Chapter 3: Slow Fashion

Thoughts on men and fashion - six summer episodes by fashion connoisseur and word acrobat Jeroen van Rooijen.

In the course of the corona pandemic and the economic crisis it caused, the need for a more sustainable and conscious consumer culture was often debated. It is time for a new, more conscious and sustainable way of shopping. We should shop less and better. Wait a minute: Buy less? A trend that is continuing and is very much in line with men's clothing habits! So good thing.

We have long been aware of the need for a slower and less impulse-driven way of shopping. Forward-thinking is evolving your wardrobe away from a seasonal trend frenzy into a more consistent, slower way of dressing that's more about long-term wardrobe building than over-the-top fashion-consciousness. Good clothes last a while - there's no point in replacing them before they've actually reached their sell-by date.

This demand on the zeitgeist is not new: as early as 2012, the “NZZ” wrote “that this lemon cannot be squeezed any further. There are signs that lifestyle connoisseurs are no longer guided by sensations and bangs, but are looking for other qualities." At least now is the time for it. There are more important things to do than follow fashion. But looking good is still important. Because that is what clothing was invented for – and of course to protect against wind, weather and evil eyes.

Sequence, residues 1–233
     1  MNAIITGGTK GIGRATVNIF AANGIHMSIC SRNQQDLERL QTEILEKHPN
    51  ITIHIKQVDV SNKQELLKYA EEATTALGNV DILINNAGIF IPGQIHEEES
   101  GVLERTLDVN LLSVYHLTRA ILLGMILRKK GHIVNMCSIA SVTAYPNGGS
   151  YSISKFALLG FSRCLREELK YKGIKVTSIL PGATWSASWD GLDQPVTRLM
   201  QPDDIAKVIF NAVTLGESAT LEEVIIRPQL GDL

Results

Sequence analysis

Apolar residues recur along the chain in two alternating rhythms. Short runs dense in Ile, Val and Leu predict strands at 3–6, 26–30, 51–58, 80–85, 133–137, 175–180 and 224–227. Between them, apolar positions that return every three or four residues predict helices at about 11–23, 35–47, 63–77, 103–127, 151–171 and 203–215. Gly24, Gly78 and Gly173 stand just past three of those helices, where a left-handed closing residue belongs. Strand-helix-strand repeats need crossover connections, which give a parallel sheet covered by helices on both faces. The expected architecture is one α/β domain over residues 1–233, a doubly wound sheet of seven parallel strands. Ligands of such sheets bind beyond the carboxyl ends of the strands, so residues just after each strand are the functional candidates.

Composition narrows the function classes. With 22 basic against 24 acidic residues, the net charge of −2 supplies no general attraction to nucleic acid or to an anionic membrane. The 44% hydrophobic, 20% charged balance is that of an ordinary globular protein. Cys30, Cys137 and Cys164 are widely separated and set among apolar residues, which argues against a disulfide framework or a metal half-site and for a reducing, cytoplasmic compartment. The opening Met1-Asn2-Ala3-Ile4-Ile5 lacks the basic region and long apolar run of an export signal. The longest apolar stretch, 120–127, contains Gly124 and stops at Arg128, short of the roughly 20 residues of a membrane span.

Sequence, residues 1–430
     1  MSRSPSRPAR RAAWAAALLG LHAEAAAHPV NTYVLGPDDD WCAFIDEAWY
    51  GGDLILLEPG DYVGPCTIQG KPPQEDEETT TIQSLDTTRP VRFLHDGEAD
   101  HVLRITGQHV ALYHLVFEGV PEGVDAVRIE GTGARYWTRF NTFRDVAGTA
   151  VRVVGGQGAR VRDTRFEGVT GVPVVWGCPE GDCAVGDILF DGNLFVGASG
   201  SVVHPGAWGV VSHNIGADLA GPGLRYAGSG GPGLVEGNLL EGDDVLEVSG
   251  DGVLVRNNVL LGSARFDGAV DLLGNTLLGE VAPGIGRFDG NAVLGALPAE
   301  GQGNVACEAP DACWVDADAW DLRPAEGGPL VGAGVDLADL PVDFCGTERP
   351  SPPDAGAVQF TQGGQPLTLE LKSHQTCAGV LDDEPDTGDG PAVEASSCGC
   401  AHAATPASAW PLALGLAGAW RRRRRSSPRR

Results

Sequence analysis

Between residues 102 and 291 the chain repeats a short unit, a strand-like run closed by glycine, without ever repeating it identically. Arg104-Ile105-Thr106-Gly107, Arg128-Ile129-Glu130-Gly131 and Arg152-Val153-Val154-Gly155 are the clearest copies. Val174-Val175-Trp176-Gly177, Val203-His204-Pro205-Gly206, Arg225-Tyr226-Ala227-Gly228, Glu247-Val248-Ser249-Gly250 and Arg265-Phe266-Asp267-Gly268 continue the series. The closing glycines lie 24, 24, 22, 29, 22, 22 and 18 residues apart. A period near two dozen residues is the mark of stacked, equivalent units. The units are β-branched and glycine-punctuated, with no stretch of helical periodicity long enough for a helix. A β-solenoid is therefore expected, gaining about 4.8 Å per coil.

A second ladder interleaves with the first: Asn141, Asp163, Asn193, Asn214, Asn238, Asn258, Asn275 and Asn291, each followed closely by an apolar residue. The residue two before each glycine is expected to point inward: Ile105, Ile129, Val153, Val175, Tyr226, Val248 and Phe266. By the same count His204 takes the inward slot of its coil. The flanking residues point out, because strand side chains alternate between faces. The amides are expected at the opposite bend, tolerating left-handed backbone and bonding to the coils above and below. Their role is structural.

You dress to blend in and fit in – or to stand out, to step out of line. Or something in between, all fine-tuning is conceivable, even if it is only for certain moments. But what always applies: Getting dressed is a conscious act, a cognitive decision of the individual. There is no such thing as an “everything doesn't matter” look – that too says something about its wearer. Getting dressed is a statement. For or against the norms of the time you live in.

Of course, the topic of sustainability is also becoming increasingly important in this context - you don't just consume blindly. Organic and bio have long moved out of the do-gooder corner and are now a decisive argument for a broadening customer segment when it comes to buying something. But clothing is not just about linen and cotton, but about intelligent, new combinations, for example with silk, wool and smart new fibers that are naturally based or recycled from natural fibers and plastics. At Alferano, all of these themes can be found in the collections.

Next week at this point: New volumes, new men and new consumer awareness: This results in completely new clothing! Clothing as a tool for life.

Jeroen van Rooijen is a freelance style critic and co-founder of the Alferano concept store in 2014.